A system of particles of position experiencing the force is in virial equilibrium when it satisfies the virial theorem relation , where is the total kinetic energy of the system. We saw above (equation 15) that in conformal gravity. Note that we replaced with to include the curvature potential.

Observations indicate that in X-ray clusters the total mass of galaxies is roughly ten times smaller than the total mass of the intracluster medium (e.g., White et al. 1993). We can therefore model X-ray clusters as individual clouds of hot gas with no galaxies and, of course, with no dark matter. This approximation is partly inappropriate for cD clusters, where the contribution of the cD galaxy to the gravitational potential in the cluster center is relevant; however, cD clusters are of the population of nearby clusters (Rood & Sastry, 1971) and our analysis should be valid for most clusters.

If the gas bulk flows and turbulent motions are negligible, the total kinetic energy is , where is the internal energy of the gas of density , is the gas total mass, is its mass-weighted mean temperature, the Boltzmann constant, the proton mass, the mean molecular weight, and the adiabatic index. The virial theorem111The virial theorem can also be generalized in gravities (Böhmer et al., 2008). thus yields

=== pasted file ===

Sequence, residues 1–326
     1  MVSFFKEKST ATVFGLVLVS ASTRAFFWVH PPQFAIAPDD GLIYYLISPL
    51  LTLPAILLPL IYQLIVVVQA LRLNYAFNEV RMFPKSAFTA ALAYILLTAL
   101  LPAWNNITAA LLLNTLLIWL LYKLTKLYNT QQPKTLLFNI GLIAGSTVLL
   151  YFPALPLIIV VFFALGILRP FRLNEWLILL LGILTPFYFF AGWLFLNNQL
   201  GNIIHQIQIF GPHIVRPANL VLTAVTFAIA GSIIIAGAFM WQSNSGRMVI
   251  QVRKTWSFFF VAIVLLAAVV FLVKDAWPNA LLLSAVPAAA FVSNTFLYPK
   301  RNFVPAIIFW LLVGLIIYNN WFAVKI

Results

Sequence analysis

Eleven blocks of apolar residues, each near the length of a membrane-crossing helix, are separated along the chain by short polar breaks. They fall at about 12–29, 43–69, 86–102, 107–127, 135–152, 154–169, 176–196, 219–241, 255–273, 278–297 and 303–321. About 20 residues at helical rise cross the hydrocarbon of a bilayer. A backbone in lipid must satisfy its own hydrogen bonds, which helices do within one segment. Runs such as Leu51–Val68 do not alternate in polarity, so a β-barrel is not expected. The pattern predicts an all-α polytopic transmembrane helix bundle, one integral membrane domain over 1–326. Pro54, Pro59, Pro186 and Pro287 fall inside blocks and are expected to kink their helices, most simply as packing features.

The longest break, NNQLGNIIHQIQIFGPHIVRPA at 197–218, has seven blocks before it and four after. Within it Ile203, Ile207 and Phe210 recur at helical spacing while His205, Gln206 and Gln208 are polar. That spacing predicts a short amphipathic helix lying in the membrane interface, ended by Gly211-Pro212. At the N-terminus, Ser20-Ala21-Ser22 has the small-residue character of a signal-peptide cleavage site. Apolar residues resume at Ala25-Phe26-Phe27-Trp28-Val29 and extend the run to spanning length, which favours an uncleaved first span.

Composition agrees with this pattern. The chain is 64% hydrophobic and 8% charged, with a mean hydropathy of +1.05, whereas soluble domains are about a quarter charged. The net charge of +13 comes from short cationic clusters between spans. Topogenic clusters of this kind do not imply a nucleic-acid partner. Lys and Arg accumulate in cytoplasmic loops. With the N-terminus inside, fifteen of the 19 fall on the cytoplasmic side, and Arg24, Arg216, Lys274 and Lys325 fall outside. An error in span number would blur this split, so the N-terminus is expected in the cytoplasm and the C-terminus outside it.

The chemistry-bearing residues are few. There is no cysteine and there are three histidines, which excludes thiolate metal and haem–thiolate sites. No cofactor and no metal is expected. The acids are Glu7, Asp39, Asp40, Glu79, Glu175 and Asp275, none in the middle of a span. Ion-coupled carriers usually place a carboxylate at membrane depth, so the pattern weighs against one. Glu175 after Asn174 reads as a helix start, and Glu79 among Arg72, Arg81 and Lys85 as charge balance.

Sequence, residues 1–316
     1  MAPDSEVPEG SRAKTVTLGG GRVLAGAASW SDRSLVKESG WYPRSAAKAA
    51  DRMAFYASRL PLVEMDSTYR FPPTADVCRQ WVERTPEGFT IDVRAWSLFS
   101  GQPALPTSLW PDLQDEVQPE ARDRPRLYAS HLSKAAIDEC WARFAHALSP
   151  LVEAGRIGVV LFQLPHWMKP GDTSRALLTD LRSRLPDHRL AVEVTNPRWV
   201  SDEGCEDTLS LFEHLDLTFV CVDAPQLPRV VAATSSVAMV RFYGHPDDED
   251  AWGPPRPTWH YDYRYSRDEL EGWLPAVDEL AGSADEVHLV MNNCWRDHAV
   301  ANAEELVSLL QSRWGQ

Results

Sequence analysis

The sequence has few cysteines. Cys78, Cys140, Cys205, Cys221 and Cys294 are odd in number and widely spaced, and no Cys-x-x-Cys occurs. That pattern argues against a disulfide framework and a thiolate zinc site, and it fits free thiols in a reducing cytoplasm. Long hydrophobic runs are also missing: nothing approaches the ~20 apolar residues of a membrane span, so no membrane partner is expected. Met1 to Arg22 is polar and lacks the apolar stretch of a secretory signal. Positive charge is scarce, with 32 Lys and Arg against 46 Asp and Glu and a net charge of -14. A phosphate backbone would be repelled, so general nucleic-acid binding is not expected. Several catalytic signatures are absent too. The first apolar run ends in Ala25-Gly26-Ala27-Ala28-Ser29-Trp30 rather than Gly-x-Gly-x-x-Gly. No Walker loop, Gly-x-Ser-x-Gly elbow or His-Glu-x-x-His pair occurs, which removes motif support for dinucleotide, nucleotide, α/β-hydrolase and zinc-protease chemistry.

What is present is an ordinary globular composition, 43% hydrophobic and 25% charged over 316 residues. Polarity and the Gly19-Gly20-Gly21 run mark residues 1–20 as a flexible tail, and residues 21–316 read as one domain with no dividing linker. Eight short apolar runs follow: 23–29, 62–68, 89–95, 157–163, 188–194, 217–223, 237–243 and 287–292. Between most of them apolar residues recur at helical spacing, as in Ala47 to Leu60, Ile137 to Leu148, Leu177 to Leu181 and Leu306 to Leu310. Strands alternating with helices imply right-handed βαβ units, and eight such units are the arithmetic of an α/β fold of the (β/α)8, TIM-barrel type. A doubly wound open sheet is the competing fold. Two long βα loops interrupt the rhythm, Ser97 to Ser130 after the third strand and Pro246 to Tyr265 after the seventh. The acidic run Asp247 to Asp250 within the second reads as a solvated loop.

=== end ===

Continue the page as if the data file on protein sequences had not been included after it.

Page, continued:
(27)

Figure 1 shows the mean temperatures of spherical systems with a power-law density profile as a function of and its total mass .

Consider an isothermal sphere with , radius Mpc, and mass . Newtonian gravity predicts keV. Conformal gravity predicts keV, namely a temperature larger. To explain a more typical temperature of, say, keV without resorting to dark matter, the gas mass should be , a factor of ten lower than the mass of the intracluster medium measured from the X-ray surface brightness.

This result agrees with the claim of Horne (2006) that the acceleration provided by the conformal gravity potential is too intense. We now show that the disagreement with observations extends to the temperature profile, besides its normalization.